I like trucks and other observations
Given the natural dynamism of human beings, we are bound to suffer trying interpersonal interactions with some regularity. Consider the incalculable number of details associated with each individual we encounter – from the sociocultural frame of one's background, to the type of breakfast cereal they purchased at the grocery store that afternoon; there are numerous meaningful (and not so meaningful) particulars to each person, period.
Every one, among us, is unique.
While it may ease one's mind to attempt to categorize others in an accessible form or function – that person holds this profession and that person follows this religion – the truth is, we are each more complex than is easily considered.
And often, the mind struggles in the face of complexity.
On a recent walk with a friend, we were sharing personal experiences in awkward interactions. In the midst our connecting conversation, we realized a common theme between our stories. My friend characterized the situation perfectly in his assessment: "Sometimes people offer their thoughts like a young child might, approaching and saying, 'I like trucks.'"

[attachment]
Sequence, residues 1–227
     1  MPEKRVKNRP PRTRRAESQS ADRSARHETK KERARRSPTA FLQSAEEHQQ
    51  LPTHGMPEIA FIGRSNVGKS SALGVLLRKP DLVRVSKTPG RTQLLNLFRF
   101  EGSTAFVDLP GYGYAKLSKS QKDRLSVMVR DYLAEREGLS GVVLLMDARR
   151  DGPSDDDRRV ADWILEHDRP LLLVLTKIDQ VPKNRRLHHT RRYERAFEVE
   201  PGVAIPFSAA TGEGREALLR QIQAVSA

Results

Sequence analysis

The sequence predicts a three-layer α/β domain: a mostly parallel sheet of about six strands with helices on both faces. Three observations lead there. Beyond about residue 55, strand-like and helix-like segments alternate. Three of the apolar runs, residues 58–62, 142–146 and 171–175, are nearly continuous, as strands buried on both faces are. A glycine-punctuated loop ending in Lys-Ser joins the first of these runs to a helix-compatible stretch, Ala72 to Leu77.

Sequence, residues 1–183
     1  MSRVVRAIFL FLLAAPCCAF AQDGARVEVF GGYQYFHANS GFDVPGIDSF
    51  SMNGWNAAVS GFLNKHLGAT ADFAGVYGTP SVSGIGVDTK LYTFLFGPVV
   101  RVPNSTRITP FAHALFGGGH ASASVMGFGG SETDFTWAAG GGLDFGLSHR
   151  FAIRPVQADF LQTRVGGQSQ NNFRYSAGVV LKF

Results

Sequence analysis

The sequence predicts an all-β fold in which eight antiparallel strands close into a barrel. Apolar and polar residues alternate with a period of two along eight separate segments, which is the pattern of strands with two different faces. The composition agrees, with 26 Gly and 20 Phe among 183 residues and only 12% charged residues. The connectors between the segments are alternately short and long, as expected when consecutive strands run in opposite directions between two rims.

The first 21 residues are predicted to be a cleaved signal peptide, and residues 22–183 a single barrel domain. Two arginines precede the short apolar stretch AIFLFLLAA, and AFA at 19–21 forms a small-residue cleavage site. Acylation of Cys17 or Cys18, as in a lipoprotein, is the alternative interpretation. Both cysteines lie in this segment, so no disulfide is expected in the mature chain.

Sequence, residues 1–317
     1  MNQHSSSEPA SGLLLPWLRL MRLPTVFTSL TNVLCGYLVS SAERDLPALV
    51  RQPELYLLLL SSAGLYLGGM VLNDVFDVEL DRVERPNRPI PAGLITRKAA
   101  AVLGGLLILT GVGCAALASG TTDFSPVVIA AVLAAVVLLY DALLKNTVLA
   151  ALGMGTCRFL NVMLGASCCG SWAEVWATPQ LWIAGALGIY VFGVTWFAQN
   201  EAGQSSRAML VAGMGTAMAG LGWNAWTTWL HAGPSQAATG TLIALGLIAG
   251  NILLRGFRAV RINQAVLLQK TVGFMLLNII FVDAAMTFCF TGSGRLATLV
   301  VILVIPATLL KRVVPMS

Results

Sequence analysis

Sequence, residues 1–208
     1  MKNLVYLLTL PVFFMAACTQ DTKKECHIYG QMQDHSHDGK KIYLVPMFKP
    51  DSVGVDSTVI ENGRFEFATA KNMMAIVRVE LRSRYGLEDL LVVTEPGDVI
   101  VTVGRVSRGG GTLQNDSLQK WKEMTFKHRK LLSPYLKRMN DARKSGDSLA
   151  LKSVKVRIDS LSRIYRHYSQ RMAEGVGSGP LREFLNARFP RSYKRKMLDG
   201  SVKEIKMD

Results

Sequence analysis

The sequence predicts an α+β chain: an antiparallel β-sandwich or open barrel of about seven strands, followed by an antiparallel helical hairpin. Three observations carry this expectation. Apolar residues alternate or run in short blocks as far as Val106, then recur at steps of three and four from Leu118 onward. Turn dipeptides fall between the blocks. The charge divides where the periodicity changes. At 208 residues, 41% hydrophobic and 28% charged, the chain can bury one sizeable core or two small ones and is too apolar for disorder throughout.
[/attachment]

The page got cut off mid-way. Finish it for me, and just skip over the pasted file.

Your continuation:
"I like trucks." This, exactly.
A child is frequently unbound by social constructs and expectations, and will assert with unfettered certainty whatever thought arises in the moment. And most of us have endured the outcome of "I like trucks" among adults, as well.
So often strangers will make bold, even evidently offensive observations in the vein of "I like trucks."
From the implicit condemnation of, "Look at her outfit," to the unabashed verbalized chide of, "You're too thin," these moments in communication are frequently the result of speaking to think, and not thinking to speak. We even accept such offenses from pop culture publications presenting headlines questioning a woman's decision to sunbathe in a burkini.
We must be more engaged with those around us – aware of their realities as much as is possible, and attentive to their interests and needs. We must resist confining one another in assessment. A tall order, sure, but ask anyone at 6'3" or taller if they "played basketball," and they'll agree it's due.
Simply, we must be better than "I like trucks."